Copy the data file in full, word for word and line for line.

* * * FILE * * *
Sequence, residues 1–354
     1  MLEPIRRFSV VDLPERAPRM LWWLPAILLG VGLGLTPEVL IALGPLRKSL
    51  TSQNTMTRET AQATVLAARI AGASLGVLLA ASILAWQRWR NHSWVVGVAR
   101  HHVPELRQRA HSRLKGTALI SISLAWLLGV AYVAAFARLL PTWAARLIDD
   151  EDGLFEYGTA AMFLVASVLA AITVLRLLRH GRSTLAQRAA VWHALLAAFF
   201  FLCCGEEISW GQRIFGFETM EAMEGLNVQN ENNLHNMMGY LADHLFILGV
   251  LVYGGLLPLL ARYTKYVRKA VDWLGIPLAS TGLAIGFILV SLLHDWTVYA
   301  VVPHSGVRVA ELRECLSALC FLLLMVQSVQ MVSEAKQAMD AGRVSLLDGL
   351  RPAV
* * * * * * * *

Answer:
Sequence, residues 1–354
     1  MLEPIRRFSV VDLPERAPRM LWWLPAILLG VGLGLTPEVL IALGPLRKSL
    51  TSQNTMTRET AQATVLAARI AGASLGVLLA ASILAWQRWR NHSWVVGVAR
   101  HHVPELRQRA HSRLKGTALI SISLAWLLGV AYVAAFARLL PTWAARLIDD
   151  EDGLFEYGTA AMFLVASVLA AITVLRLLRH GRSTLAQRAA VWHALLAAFF
   201  FLCCGEEISW GQRIFGFETM EAMEGLNVQN ENNLHNMMGY LADHLFILGV
   251  LVYGGLLPLL ARYTKYVRKA VDWLGIPLAS TGLAIGFILV SLLHDWTVYA
   301  VVPHSGVRVA ELRECLSALC FLLLMVQSVQ MVSEAKQAMD AGRVSLLDGL
   351  RPAV